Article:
Hospital process intervals, not EMS time intervals, are the most important predictors of rapid reperfusion in EMS Patients with ST-segment elevation myocardial infarction

Carol Lynn Clark, Aaron D Berman, Ann McHugh, Edward Jedd Roe, Judith Boura, Robert A Swor
Prehospital Emergency Care 2012, 16 (1): 115-20

OBJECTIVE: To assess the relationship of emergency medical services (EMS) intervals and internal hospital intervals to the rapid reperfusion of patients with ST-segment elevation myocardial infarction (STEMI).

METHODS: We performed a secondary analysis of a prospectively collected database of STEMI patients transported to a large academic community hospital between January 1, 2004, and December 31, 2009. EMS and hospital data intervals included EMS scene time, transport time, hospital arrival to myocardial infarction (MI) team activation (D2Page), page to catheterization laboratory arrival (P2Lab), and catheterization laboratory arrival to reperfusion (L2B). We used two outcomes: EMS scene arrival to reperfusion (S2B) ≤90 minutes and hospital arrival to reperfusion (D2B) ≤90 minutes. Means and proportions are reported. Pearson chi-square and multivariate regression were used for analysis.

RESULTS: During the study period, we included 313 EMS-transported STEMI patients with 298 (95.2%) MI team activations. Of these STEMI patients, 295 (94.2%) were taken to the cardiac catheterization laboratory and 244 (78.0%) underwent percutaneous coronary intervention (PCI). For the patients who underwent PCI, 127 (52.5%) had prehospital EMS activation, 202 (82.8%) had D2B ≤90 minutes, and 72 (39%) had S2B ≤90 minutes. In a multivariate analysis, hospital processes EMS activation (OR 7.1, 95% CI 2.7, 18.4], Page to Lab [6.7, 95% CI 2.3, 19.2] and Lab arrival to Reperfusion [18.5, 95% CI 6.1, 55.6]) were the most important predictors of Scene to Balloon ≤ 90 minutes. EMS scene and transport intervals also had a modest association with rapid reperfusion (OR 0.85, 95% CI 0.78, 0.93 and OR 0.89, 95% CI 0.83, 0.95, respectively). In a secondary analysis, Hospital processes (Door to Page [OR 44.8, 95% CI 8.6, 234.4], Page 2 Lab [OR 5.4, 95% CI 1.9, 15.3], and Lab arrival to Reperfusion [OR 14.6 95% CI 2.5, 84.3]), but not EMS scene and transport intervals were the most important predictors D2B ≤90 minutes.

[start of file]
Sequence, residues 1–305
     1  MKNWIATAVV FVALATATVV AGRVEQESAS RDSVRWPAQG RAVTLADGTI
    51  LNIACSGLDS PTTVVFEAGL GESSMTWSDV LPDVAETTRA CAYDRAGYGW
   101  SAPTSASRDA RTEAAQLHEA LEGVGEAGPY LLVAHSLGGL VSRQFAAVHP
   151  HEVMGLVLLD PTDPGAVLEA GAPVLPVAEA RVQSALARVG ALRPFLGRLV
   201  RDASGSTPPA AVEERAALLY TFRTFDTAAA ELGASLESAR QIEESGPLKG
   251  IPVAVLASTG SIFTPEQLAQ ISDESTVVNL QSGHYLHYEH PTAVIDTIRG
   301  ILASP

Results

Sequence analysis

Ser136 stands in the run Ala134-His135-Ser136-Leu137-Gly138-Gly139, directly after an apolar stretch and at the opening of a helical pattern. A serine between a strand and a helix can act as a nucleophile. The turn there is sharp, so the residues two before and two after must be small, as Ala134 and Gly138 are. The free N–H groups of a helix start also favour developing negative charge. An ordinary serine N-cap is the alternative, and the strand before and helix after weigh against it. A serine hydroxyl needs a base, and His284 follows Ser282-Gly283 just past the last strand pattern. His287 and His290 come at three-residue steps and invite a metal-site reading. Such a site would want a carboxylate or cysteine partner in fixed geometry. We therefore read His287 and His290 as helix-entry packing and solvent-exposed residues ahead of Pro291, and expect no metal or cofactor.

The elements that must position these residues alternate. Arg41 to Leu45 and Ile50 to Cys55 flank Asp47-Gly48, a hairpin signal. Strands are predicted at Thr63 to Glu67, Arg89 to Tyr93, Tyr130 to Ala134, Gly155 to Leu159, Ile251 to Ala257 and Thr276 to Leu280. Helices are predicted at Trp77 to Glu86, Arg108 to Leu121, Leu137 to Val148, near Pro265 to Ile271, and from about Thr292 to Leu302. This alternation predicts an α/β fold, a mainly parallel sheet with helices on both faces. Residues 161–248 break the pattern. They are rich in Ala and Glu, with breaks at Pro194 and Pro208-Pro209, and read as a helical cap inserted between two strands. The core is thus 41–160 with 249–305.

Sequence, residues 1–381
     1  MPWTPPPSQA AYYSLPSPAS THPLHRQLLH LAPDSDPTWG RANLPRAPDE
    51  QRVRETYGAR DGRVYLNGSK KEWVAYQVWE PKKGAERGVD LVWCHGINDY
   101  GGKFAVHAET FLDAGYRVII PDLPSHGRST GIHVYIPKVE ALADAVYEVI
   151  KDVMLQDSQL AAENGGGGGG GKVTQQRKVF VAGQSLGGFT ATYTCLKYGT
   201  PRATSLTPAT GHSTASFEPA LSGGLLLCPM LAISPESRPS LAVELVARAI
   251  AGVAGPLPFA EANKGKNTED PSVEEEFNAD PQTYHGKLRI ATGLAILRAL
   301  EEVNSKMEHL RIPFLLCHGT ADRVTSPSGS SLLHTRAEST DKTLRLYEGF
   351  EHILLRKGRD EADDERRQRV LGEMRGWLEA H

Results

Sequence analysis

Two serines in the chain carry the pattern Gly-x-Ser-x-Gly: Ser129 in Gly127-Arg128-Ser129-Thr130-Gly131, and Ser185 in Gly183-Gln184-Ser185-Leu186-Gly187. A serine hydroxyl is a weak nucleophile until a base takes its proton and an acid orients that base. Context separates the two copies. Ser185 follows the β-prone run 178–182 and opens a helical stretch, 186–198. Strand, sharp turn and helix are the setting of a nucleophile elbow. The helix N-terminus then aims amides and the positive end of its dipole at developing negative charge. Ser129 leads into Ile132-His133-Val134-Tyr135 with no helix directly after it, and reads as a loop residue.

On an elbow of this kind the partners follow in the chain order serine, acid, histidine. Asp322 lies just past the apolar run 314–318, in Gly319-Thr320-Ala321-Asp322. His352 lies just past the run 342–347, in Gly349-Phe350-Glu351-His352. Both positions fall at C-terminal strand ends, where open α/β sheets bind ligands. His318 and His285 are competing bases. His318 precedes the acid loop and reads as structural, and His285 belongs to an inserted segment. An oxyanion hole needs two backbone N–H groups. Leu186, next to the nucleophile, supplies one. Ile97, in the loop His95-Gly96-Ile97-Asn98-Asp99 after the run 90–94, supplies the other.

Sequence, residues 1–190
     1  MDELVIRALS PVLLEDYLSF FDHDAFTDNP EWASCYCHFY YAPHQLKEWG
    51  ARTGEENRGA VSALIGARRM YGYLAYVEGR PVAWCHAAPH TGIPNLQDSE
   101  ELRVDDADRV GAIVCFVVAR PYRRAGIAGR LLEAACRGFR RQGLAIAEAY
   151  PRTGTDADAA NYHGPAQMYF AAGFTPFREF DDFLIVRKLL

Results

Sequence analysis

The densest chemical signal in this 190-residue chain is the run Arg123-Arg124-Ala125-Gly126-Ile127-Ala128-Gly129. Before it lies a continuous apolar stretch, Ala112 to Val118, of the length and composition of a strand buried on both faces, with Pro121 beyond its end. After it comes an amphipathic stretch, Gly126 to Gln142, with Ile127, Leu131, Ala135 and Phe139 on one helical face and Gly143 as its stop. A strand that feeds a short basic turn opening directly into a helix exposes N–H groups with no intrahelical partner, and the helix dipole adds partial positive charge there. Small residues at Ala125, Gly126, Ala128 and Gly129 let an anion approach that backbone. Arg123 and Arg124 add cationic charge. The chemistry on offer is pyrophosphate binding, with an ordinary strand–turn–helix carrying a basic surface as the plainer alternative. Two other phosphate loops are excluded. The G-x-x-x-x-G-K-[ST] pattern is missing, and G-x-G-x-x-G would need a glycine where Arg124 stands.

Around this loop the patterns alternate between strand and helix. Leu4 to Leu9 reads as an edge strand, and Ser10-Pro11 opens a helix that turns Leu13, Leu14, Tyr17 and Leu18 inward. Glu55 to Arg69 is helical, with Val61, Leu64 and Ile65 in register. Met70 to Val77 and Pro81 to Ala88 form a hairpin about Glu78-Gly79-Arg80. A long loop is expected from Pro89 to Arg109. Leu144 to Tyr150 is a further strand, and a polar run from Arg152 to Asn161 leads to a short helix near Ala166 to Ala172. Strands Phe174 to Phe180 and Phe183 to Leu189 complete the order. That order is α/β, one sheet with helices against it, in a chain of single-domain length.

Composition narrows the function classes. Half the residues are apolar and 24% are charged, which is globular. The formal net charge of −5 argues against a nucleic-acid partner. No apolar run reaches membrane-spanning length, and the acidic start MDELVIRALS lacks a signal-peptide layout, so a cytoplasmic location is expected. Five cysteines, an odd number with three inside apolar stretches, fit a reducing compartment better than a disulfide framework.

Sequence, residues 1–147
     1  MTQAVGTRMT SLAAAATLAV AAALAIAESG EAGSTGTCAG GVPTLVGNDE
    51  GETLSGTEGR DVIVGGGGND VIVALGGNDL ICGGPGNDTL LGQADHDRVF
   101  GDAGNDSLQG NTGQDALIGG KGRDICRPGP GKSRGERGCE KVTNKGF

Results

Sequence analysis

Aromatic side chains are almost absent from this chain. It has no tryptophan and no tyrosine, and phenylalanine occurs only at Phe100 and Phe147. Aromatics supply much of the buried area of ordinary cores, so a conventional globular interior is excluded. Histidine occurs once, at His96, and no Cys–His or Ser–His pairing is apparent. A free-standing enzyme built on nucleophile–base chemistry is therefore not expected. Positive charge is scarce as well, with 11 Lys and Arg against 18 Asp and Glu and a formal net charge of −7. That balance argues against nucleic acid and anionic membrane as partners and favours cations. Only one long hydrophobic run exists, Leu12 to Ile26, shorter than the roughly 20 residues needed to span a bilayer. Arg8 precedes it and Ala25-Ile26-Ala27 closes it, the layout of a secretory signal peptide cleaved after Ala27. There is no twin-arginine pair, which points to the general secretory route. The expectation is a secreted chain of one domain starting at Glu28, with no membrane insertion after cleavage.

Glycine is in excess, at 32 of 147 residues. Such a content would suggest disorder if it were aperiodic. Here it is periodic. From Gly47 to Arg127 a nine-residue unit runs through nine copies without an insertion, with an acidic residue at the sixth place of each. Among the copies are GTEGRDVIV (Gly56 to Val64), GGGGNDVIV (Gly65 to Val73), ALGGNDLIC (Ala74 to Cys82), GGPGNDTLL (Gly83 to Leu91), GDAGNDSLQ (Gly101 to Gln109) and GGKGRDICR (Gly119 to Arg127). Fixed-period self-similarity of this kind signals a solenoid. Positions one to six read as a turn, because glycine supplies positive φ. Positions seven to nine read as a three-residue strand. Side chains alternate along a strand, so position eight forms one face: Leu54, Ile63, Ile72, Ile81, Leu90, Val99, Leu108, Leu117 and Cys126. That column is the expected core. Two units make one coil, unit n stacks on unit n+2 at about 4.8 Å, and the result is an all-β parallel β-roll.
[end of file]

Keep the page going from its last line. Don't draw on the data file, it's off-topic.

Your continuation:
CONCLUSIONS: In our study, hospital process intervals (EMS activation, door to page, page to laboratory, and laboratory to reperfusion) are key covariates of rapid reperfusion for EMS STEMI patients and should be used when assessing STEMI care.

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